Wednesday, 9 December 2009

Clean-thinking America prepares to fire the starting gun in its dash for gas

Carl Mortished: World business briefing

Carbon dioxide is dangerous, says Lisa Jackson, administrator of the US Environmental Protection Agency (EPA). It is dangerous, like the growling exhaust pipe of a 25-year-old Chevy Corvette or the sulphurous plume from a coal-fired power station. Overnight, America has decided: carbon-dioxide pollution is a public health hazard and emitters will be shunned like cigarette smokers.
The EPA’s decision on Monday to treat CO2 as if it were a noxious poison was craved and dreaded in equal measure by climate activists and industrialists. It is a bombshell, more than just a public relations ploy to make President Obama look cool at the Copenhagen summit. It unleashes one of the toughest US regulators and gives it a mandate to go after heavy industry with compliance orders and fines. Power generators, oil refiners, chemical manufacturers and cement makers have been warned: the bloodhounds of the EPA will hunt you down and curb your emissions.
This is politics, of course. A lot must happen before the EPA begins to slap fines on recalcitrant power companies. The agency needs to draw up regulations that work — a monumental task. It needs to decide which CO2 abatement technologies are effective and affordable — at present, there are no commercial carbon-capture technologies, only government-subsidised pilot projects.
But make no mistake: this is the beginning of America’s puritanical crackdown on carbon. If you are surprised that the atmospheric gas that feeds the roses in your garden is being labelled a dangerous poison, remember that America doesn’t regulate its citizens with the gentle persuading hand of the Queen; it does so with the passion of the religious convert. If the EPA is unchallenged, carbon will be hunted down, in the tailpipes of cars in Los Angeles and in the stacks of power plants in Virginia.

America’s electricity industry has reacted with alarm to Ms Jackson’s decision. The US is mostly powered by coal, a fossil fuel that accounts for 80 per cent of America’s abundant greenhouse gas emissions. America has enormous coal reserves — indeed Warren Buffett has just made a big bet on the coal industry, buying a controlling interest in Burlington Northern Santa Fe, a railroad group that trucks coal from mines in Wyoming to Texas and southern California.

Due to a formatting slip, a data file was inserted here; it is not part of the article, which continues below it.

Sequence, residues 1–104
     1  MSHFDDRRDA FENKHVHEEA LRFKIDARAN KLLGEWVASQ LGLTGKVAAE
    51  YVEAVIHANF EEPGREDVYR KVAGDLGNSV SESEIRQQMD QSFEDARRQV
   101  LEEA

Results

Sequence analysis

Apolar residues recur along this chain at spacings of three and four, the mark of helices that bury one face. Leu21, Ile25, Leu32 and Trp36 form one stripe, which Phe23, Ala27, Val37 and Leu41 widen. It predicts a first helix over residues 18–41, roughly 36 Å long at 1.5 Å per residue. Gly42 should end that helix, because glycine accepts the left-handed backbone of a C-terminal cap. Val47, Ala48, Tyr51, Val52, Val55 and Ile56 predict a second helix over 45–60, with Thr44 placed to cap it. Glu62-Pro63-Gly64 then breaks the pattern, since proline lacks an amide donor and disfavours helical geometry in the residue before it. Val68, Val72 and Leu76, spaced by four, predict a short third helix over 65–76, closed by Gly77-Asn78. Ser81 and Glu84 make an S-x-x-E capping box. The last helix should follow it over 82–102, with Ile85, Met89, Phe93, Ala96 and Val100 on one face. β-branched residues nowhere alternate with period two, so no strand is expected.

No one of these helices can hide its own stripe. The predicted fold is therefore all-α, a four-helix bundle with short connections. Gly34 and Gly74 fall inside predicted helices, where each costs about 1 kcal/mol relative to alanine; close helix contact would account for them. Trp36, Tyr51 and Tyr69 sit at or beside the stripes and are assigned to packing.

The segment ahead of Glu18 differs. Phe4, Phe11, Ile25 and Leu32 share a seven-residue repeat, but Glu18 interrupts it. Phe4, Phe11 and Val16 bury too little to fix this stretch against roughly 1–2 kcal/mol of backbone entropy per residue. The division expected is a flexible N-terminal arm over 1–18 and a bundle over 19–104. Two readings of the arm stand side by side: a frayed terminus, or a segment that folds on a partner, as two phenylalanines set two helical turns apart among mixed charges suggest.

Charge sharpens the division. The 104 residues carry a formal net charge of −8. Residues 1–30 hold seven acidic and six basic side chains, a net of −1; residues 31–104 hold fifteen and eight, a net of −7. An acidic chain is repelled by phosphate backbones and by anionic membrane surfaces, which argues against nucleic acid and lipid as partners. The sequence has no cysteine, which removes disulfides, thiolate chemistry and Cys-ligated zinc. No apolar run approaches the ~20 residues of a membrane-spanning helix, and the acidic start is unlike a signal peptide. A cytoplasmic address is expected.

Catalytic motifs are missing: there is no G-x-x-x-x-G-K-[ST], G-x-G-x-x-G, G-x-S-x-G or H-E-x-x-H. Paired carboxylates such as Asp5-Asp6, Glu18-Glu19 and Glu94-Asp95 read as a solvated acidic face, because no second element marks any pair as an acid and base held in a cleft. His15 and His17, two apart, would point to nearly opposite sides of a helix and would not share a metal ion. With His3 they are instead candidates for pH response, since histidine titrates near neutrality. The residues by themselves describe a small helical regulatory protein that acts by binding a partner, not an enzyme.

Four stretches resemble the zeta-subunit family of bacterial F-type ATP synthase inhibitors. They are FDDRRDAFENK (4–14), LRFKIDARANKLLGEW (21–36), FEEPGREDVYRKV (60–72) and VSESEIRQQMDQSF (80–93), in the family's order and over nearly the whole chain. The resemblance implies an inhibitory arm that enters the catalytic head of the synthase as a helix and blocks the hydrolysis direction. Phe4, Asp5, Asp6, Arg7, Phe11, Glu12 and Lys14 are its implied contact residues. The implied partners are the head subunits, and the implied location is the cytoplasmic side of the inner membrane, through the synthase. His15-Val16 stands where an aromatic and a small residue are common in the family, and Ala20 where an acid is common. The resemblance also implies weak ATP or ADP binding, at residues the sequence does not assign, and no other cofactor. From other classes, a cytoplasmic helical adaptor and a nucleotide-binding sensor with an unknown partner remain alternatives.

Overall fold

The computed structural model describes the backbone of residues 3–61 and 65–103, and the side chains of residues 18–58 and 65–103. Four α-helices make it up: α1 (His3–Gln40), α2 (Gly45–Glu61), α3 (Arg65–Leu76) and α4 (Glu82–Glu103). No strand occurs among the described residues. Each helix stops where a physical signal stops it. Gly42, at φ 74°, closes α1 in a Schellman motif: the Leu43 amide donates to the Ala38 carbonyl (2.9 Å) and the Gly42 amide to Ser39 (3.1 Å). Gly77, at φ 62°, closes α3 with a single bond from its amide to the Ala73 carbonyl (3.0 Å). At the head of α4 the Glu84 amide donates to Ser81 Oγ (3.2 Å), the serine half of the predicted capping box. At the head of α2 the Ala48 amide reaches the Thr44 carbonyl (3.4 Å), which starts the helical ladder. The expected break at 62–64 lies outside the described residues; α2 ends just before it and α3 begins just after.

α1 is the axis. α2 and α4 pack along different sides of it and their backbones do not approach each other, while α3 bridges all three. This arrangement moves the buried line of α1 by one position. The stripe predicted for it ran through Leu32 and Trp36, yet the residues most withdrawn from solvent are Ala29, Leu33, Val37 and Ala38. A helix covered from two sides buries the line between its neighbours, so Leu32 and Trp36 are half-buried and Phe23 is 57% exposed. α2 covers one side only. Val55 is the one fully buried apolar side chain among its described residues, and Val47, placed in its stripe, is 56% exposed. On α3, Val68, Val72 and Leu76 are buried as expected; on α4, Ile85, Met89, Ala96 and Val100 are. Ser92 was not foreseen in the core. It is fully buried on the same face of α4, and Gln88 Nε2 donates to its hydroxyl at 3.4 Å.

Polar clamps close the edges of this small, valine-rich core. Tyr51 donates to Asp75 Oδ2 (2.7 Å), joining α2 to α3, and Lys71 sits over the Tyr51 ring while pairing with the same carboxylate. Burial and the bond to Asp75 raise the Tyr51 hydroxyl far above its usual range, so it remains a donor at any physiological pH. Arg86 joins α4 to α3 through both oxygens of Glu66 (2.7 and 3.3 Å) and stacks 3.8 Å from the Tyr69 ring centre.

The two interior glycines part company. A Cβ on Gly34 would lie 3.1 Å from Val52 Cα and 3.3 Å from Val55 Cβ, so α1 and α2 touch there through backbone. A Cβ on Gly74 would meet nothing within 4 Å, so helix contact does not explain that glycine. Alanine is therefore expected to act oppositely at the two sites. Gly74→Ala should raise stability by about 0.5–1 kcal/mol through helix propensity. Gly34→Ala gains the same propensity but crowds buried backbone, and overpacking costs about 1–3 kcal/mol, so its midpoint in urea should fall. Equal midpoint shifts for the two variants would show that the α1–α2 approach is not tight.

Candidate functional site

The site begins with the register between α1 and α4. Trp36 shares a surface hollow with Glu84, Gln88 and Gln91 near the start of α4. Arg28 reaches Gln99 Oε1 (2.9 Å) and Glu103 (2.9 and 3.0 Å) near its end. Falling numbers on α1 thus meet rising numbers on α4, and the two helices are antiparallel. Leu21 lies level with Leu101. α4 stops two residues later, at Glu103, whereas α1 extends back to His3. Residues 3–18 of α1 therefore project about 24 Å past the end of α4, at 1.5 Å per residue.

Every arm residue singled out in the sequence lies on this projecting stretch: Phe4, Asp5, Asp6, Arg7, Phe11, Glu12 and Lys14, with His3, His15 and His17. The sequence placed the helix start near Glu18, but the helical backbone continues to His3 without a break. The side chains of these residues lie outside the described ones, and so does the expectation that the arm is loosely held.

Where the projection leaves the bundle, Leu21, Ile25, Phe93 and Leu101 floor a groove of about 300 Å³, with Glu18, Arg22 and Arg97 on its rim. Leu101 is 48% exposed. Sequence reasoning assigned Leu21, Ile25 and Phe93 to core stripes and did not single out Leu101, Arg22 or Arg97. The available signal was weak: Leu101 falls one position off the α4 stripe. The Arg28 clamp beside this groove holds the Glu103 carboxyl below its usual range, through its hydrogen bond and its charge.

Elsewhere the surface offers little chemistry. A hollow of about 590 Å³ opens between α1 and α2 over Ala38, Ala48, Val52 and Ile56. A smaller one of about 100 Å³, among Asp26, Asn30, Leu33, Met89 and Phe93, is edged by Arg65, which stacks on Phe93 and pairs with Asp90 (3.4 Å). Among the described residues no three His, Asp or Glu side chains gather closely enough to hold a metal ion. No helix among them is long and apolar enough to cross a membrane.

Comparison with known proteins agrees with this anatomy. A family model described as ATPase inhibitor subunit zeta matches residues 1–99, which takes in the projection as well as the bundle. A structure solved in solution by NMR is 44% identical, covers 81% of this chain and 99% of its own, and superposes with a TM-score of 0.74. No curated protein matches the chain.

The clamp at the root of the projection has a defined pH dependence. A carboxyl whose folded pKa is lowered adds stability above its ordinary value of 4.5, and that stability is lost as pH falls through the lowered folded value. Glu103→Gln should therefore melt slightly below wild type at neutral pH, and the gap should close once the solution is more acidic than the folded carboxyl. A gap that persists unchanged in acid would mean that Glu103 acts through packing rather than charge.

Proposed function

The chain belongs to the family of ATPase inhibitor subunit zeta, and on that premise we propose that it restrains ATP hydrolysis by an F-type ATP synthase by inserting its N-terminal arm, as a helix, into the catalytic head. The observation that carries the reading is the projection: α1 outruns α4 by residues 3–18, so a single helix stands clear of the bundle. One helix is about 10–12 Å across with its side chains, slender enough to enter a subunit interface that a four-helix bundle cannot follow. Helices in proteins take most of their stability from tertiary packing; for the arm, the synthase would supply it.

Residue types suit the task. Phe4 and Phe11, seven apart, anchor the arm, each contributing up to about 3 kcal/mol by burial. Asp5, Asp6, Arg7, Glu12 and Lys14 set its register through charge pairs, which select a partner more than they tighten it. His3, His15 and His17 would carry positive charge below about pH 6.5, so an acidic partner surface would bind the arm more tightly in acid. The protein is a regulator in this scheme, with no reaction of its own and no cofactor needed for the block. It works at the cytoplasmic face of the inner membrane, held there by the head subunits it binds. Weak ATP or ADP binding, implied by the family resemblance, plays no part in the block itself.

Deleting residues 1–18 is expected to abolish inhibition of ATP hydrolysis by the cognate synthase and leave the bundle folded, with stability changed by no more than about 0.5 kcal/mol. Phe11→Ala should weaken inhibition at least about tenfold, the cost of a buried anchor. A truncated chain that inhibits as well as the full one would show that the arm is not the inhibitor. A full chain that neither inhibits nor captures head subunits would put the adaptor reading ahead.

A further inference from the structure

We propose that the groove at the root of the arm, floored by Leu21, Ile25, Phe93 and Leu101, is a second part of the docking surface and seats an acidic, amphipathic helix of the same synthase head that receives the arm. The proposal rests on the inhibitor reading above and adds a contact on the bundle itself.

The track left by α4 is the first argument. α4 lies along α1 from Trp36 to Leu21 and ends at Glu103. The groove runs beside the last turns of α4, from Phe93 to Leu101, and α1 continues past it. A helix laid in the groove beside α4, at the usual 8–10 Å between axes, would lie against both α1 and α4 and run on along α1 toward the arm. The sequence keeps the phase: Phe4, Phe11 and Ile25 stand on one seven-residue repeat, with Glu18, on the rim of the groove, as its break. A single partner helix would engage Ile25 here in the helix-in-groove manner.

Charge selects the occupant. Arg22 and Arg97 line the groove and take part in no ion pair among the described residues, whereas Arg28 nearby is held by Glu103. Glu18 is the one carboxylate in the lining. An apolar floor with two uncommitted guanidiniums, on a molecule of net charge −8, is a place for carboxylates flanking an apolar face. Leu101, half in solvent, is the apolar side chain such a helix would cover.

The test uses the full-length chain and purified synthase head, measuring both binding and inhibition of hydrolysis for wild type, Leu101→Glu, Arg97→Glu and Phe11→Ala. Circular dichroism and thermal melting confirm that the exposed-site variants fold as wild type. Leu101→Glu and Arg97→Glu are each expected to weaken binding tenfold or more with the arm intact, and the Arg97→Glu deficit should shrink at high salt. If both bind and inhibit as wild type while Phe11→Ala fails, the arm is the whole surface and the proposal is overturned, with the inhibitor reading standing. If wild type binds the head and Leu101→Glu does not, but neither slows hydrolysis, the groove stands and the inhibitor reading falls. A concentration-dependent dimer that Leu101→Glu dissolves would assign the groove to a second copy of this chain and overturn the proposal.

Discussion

There is an alternative to the EPA’s bloodhounds: two climate change Bills making their way through the US Congress would create cap-and-trade systems to offer incentives to industry to curb emissions. The two Bills are similar and both give huge exemptions to power companies in the form of free emission allowances. The American legislation is, in microcosm, what a new Copenhagen climate treaty might look like: a hotchpotch of complex regulation, extravagant concessions, get-out clauses and bribes to politically sensitive groups.
On the one hand, America has the hydroelectric-powered Washington State, where Democratic Senator Maria Cantwell waves the climate-change hockey stick. At the other end of the country, you have coal-fuelled states, such as Georgia, where a federal tax on top of the monthly utility bill spells political death. So, inequality in the carbon burden means taxing Pacific Coast liberals in order to subsidise coalmining rednecks.
It begs the question whether a climate change Bill is possible. That is where the threat of the EPA looms. In a landmark case in 2007, the Supreme Court found that CO2 was an air pollutant within the meaning of the America’s Clean Air act, opening the door for Monday’s statement by Ms Jackson. Climate activists have been waiting for this moment, when the EPA would aim its guns at Big Oil and Big Coal.
Mr Obama is probably not keen to let the EPA do its job. It would be a blunt instrument and politically dangerous, for the important reason that the EPA would be “fair”. Unlike a congressional Bill, with its tweaks, trade-offs and bungs, the EPA would regulate carbon, everywhere. There would be no concessions: every tonne, whether emitted by car, cow or chemical plant, would have to be measured and fined.
The impact on US industry would be harsh and investment would flee from energy-intensive industries. Carbon leakage to Asia would become a flood and, quickly, a hue and cry would build for stringent US tariffs on Chinese goods.
There would be another important consequence of an EPA audit of US industry and that would be a huge rush to natural gas. Coal has secured a get-out for the time being in the congressional Bills. Without special treatment, however, the only quick lower-carbon solution available to US power utilities is huge investment in efficient gas-fired generation plant. Gas produces a third of the CO2 emissions of coal and, after new discoveries, gas in the US is extremely cheap. If Ms Jackson has her way, this could be America’s big dash for gas.